When America began shutting down this spring because of the Covid-19 pandemic, it transformed the already high-stakes 2020 race into a precarious high-wire balancing act.
Election officials across the country, many of whom were already underfunded and under-resourced, began scrambling to find places where they could safely offer in-person voting, and poll workers, who tend to skew older, began to drop out. Disastrous primaries in Wisconsin and Georgia offered alarming signals that America was barrelling towards a chaotic general election.
Amid this mayhem, states where few people typically vote by mail were suddenly forced to scale up and run elections in which most people were expected to vote that way, hoping to avoid long lines and human contact amid the pandemic. As the year wore on, a sharp partisan divide emerged. Donald Trump railed against voting by mail, while Democrats aggressively encouraged supporters to do so.
For Democrats, it was a risk. In many states, vote by mail had not been used before – including key battlegrounds of Wisconsin, Pennsylvania and Michigan. For voters used to casting their ballots in person, voting by mail offered a new set of rules and procedures to follow and a voter could have their ballot rejected for even a small mistake.
While Democrats waged an aggressive legal battle to loosen mail-in voting restrictions many Republican officials refused to do so. Congress allocated a fraction of the estimated $4bn needed to run elections with significantly scaled-up mail-in voting. Despite severe mail delays this summer,
Republican officials in Texas and Ohio limited opportunities for voters to return their ballots in person. Texas Republicans fought to block people from being able to register to vote online and sought to reject 127,000 ballots cast using drive-thru voting. Republicans in Wisconsin, Pennsylvania, Michigan and North Carolina strongly objected to efforts to give voters more time to return their ballots and election officials to count them. In Alabama, the state’s top election official successfully went all the way to the US supreme court to block counties from offering curbside voting. In Oklahoma, after the state supreme court struck down a law requiring voters to get their ballots notarized, Republicans moved quickly to reinstate a revised version of the measure.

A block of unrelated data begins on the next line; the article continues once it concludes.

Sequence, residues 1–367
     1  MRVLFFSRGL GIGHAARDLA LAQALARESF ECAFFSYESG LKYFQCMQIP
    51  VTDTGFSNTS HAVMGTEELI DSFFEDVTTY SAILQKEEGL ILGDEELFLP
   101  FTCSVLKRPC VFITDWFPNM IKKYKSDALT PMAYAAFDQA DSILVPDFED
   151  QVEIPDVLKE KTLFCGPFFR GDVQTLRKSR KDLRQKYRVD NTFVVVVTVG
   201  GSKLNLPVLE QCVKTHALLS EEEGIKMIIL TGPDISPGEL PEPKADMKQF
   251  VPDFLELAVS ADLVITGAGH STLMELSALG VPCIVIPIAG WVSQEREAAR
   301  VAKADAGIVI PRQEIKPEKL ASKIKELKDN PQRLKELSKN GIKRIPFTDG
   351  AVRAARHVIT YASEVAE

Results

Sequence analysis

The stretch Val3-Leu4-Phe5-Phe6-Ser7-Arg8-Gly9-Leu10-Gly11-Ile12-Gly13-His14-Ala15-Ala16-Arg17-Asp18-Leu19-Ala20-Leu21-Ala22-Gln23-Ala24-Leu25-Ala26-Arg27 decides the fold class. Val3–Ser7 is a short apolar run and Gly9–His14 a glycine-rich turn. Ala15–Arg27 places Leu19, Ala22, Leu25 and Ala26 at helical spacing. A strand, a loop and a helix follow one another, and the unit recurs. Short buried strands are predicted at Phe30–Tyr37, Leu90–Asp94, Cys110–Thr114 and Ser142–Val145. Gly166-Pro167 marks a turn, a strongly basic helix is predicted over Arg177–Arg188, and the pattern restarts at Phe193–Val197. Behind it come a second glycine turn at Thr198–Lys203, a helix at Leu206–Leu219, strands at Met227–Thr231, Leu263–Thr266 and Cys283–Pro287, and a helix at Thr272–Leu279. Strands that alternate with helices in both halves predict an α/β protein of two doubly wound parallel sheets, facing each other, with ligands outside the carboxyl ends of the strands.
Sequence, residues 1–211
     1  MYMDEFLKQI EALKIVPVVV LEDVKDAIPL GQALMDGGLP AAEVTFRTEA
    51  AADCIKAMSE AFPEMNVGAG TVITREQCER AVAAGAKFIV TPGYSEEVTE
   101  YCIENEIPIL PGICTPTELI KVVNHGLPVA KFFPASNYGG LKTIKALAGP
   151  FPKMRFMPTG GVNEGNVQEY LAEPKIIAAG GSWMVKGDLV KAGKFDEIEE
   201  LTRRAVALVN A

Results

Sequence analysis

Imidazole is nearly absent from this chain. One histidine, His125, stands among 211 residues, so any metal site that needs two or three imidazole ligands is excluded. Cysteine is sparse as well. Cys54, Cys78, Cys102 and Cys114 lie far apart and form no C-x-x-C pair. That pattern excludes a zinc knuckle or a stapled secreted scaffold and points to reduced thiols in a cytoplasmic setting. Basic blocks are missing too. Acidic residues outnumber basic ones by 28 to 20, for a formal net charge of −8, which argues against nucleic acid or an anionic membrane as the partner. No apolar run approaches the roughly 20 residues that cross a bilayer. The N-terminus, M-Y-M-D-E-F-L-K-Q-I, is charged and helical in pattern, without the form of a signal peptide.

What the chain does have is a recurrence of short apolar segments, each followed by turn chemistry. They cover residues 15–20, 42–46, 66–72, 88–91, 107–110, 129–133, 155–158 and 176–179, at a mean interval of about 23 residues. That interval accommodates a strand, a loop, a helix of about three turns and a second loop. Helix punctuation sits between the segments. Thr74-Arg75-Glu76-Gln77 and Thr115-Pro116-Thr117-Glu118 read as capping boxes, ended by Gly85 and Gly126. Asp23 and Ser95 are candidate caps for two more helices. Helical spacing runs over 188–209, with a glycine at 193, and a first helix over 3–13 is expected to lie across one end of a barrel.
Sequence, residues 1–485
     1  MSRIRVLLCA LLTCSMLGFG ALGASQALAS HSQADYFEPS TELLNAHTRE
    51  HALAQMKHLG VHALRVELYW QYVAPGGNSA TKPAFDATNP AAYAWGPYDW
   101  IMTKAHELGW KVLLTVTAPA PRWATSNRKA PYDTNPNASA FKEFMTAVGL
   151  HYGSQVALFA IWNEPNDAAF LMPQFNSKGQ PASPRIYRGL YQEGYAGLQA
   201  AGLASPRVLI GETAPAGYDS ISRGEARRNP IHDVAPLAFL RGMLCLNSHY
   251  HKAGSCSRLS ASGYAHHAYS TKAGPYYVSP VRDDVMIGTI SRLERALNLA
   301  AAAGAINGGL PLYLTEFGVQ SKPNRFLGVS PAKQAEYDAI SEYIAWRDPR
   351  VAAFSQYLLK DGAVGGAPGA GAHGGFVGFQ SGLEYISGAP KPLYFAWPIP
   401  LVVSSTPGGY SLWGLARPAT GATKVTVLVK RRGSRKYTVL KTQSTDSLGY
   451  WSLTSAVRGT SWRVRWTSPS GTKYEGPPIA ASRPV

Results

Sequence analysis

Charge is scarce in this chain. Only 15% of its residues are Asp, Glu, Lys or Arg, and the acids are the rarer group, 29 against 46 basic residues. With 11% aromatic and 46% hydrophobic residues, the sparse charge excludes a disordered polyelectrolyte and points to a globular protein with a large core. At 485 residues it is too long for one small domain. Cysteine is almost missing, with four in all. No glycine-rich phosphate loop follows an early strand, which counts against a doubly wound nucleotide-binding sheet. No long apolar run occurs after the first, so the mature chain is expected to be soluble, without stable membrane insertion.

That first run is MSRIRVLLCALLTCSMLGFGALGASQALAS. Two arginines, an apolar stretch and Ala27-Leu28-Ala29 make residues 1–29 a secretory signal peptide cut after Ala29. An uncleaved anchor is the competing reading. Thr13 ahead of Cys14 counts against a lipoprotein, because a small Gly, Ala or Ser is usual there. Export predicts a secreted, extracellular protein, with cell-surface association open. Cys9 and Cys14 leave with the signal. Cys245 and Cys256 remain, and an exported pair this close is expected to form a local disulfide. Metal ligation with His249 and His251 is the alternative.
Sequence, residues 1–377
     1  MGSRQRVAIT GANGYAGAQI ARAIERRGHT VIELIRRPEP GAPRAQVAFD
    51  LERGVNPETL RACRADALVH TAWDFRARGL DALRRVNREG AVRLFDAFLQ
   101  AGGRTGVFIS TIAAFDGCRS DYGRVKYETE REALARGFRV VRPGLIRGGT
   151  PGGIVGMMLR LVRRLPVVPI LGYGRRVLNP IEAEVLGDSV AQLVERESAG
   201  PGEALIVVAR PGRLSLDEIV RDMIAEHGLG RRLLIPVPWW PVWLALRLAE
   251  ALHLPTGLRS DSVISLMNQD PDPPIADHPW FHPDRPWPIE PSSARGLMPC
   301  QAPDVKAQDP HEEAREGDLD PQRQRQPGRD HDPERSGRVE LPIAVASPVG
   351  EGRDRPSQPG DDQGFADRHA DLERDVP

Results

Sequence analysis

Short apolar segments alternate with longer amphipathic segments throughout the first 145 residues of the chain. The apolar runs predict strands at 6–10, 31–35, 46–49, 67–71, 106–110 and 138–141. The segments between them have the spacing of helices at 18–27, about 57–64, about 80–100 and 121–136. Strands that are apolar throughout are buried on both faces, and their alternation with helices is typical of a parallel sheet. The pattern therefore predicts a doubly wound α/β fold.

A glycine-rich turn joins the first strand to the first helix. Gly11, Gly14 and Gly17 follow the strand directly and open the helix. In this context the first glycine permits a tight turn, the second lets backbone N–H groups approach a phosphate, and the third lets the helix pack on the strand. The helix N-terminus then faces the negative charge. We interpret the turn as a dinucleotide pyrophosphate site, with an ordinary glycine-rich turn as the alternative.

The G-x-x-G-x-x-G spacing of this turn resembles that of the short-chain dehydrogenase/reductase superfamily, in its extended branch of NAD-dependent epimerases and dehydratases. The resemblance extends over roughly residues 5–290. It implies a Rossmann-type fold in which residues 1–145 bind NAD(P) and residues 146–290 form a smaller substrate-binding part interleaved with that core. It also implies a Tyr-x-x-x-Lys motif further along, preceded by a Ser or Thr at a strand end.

Now, nearly a month after the election, the risk appears to have paid off for Democrats. The nightmare scenarios largely didn’t occur – there weren’t widespread mail delays leading to millions of Americans being disenfranchised, as many feared this summer. Instead, states with little vote-by-mail experience were able to match more experienced states in running a successful election. More than 100 million people voted early, either in person or by mail – a record number.
“I’m fairly convinced at this point that the Democratic strategy and the Democratic advantage in vote by mail was just crucially and critically important to Biden’s win,” said Tom Bonier, CEO of TargetSmart, a Democratic data firm that tracks voter data. “There’s absolutely no way we would have hit these record levels of voter turnout, nationally, without this massive adoption of mail voting.”
‘We worked our ass off’: more Democrats voted by mail
The partisan fights around voting in recent years have been shaped by a belief that, generally, more people voting benefits Democrats. But research earlier this year showed that, on the whole, vote by mail does not generally benefit one political party over the other. As Trump continued to attack vote by mail throughout the year, some Republicans worried he was sabotaging his own voters, dissuading them from a method of voting that might be more convenient and easy than going to the polls.
While the switch to mail-in voting alone cannot explain election results, Democrats did in fact do well in places where many people chose to vote by mail, according to data collected by the Guardian and ProPublica. Counties, where people voted by mail at high rates, were more likely to swing Democratic compared with four years ago.